Day 3 – June 24th, 2019 – Philadelphia, Pennsylvania to Washington, DC: ~145 miles
Missed Day 2? – June 23rd, 2019 – Brooklyn, New York to Philadelphia, Pennsylvania: ~135 miles
After a wonderful evening of catching up with Spurgeon, Vy and I started the next morning by hitting up a couple of Philadelphia icons that we didn’t have time for the day before. When we plan these trips, Vy comes up with a list of all the things she’d like to see. We know we’re not going to be able to check off everything, but it gives us something to shoot for. One of her Philly stops was the staircase of the Philadelphia Museum of Art, which was made famous in the movie Rocky. After she ran up the steps, Baby Jack wanted to stop by the statue.
The same attitude applies towards the “soda tax.”
Speaking of signs, the Fell’s Point neighborhood of Baltimore had the right idea about Prohibition (it faintly says Vote Against Prohibition). This is what’s left from when the paint was freshly applied in the 20s.
The thing Vy might have been most interested about in Baltimore was Mr. Trash Wheel. The actual name is the “Inner Harbor Water Wheel”, but the name bestowed upon it by locals is much better. It’s just a simple water wheel powered by the river that scoops up trash from the river and drops it into a dumpster barge (if the water current is too weak, solar panels provide additional power). When the dumpster is full, the city takes it away and puts in a new one. It’s a cheap and effective way to deal with pollution, but it’s also weirdly popular simply because the designers put some eyes on the thing. Click here for more information, or click here for a live stream.
It’s been a very successful project, and there are now multiple members of the Trash Wheel “family”. They’ve collected plenty of things you’d expect – over 649 thousand plastic bags and over 11.3 million cigarette butts, for examples. But they’ve also collected a keg, a guitar, and a ball python! I presume this little birdy is particularly glad that the python is nowhere near the water.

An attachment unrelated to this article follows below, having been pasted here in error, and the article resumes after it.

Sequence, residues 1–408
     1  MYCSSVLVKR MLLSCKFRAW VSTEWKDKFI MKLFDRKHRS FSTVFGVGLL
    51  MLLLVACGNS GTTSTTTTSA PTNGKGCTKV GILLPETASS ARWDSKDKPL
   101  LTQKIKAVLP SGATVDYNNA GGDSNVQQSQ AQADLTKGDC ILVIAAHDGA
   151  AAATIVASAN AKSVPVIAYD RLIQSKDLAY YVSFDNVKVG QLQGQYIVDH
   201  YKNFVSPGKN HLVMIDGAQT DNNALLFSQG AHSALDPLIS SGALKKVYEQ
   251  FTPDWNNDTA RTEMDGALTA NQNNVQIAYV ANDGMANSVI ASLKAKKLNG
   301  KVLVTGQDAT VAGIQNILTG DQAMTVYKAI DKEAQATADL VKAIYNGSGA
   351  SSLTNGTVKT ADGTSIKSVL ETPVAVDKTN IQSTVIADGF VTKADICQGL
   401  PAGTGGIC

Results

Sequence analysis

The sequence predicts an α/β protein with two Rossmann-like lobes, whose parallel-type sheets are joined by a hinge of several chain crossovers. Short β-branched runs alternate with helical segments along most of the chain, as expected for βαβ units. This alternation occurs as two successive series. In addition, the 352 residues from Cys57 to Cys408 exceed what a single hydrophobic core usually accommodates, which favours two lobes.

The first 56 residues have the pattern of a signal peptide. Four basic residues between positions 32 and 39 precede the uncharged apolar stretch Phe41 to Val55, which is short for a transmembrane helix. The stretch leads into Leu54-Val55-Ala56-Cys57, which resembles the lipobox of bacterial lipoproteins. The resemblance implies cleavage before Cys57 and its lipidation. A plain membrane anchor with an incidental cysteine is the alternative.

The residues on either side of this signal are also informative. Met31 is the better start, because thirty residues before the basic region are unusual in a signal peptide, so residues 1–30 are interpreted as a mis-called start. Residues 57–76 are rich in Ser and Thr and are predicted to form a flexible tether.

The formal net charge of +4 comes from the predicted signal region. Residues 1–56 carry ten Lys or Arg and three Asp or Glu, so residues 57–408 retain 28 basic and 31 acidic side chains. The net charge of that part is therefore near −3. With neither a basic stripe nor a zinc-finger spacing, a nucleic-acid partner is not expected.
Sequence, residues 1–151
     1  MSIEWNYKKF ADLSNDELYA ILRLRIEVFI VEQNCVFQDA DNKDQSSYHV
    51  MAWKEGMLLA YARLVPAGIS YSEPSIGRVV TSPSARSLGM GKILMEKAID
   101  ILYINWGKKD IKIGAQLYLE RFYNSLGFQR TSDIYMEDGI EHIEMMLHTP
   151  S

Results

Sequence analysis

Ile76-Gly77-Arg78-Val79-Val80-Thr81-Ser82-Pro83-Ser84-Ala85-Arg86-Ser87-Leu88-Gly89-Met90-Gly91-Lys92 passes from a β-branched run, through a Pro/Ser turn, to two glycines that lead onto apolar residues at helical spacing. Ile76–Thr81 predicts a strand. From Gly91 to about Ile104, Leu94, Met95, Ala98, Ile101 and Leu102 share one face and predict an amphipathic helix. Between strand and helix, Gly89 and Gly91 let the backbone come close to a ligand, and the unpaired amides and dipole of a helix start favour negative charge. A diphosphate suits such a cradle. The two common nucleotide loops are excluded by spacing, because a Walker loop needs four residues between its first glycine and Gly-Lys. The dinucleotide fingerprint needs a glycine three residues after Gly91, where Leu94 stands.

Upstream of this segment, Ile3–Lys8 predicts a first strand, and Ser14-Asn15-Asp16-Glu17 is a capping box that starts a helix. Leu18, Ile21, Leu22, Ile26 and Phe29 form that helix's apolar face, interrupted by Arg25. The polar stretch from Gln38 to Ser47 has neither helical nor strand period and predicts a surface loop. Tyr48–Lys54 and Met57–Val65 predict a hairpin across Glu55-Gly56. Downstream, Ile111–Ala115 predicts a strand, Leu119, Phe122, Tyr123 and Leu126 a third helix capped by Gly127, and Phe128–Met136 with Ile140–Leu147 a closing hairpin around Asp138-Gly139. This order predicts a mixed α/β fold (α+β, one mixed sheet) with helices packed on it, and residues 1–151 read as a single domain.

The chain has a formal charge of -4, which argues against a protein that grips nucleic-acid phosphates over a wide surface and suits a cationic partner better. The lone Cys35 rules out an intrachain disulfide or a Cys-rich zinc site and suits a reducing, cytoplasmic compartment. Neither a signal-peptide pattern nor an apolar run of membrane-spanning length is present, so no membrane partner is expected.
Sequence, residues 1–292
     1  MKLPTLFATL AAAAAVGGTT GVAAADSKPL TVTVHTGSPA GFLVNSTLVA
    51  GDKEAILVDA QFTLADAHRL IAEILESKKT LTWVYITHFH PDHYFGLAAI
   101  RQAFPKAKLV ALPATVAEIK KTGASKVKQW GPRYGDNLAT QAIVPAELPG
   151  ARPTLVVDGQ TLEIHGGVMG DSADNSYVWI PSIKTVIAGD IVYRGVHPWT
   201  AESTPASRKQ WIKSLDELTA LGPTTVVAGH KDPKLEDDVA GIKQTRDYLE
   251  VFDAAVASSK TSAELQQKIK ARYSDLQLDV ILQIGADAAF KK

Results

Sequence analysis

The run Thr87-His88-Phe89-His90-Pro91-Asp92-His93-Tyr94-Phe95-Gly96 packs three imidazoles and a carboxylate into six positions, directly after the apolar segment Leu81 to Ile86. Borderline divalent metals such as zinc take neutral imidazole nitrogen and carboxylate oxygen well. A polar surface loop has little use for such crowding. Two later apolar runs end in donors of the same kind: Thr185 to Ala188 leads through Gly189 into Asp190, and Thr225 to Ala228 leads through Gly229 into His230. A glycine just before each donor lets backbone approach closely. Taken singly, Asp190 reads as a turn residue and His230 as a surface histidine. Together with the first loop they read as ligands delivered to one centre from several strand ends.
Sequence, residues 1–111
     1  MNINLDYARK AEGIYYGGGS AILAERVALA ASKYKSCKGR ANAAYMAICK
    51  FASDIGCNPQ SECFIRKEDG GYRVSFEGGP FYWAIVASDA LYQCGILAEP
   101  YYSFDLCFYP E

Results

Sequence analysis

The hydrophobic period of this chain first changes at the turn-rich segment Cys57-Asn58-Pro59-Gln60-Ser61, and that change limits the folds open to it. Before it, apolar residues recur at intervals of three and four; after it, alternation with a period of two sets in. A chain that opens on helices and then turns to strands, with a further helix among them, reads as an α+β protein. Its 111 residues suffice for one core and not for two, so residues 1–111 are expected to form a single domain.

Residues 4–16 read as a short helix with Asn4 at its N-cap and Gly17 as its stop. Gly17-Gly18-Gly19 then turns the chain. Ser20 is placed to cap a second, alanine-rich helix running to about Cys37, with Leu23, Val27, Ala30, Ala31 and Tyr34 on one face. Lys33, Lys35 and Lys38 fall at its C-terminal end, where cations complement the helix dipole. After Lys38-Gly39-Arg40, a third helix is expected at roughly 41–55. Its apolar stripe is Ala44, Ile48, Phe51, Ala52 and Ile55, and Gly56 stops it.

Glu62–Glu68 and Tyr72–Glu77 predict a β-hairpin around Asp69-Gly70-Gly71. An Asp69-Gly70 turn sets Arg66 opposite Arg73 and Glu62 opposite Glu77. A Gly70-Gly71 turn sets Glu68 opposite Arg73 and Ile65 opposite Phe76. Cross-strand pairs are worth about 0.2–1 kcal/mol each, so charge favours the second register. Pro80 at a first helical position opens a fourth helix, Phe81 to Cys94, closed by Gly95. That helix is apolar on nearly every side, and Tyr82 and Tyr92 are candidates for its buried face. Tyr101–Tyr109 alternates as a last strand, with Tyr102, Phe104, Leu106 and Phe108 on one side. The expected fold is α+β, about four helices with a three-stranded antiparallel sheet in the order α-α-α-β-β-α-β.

Did you know that the “Nipper” logo made famous in the RCA logo was based on an actual dog of the same name from the 1880s? He was named because he would “nip” at people’s legs, and the iconic logo is an evolution of a painting that was created 3 years after Nipper passed away. The painting has Nipper listening to a Edison-Bell phonograph, but when the owner/painter presented the painting to the manager of the company, he said “Dogs don’t listen to phonographs.” A manager at The Gramophone Company later said that if the painter replaced the phonograph with a Berliner disc gramophone, that he would buy the artwork. You can guess what happened next. Click here for more details on this cute story.
We both wanted to spend much more time in Baltimore, but we had to be in DC that night. En route, we encountered our first rain of the trip, and it highlighted one of the strengths of the RT – protection from the elements. We had only been on the RT for 2 days, but I went into this trip with the mindset that I would much prefer a GS. Rain was one situation in which the RT gets a point – with the power windshield up at its top setting, I felt just about invincible in moderate to heavy rain. I just wish I was allowed to split lanes!
The RT kept Vy and I dry through intermittent rain, and we got to DC without a hitch. We met up with a high school friend of mine for dinner at A Rake’s Progress, which was quite fancy.
My friend and her husband have a wonderful dog named Gulliver, who wasn’t in the mood for tricks. Vy and I found that highly amusing:
He sure looks great next to the bike, though!
Something else the Northeast gets more of than California is fireflies. This was the first time Vy had ever seen them in person, and she loved it.
We stayed up late so that Vy could film a self-tape for an audition, and finally got to sleep around 2am. Tomorrow we head towards Pittsburgh!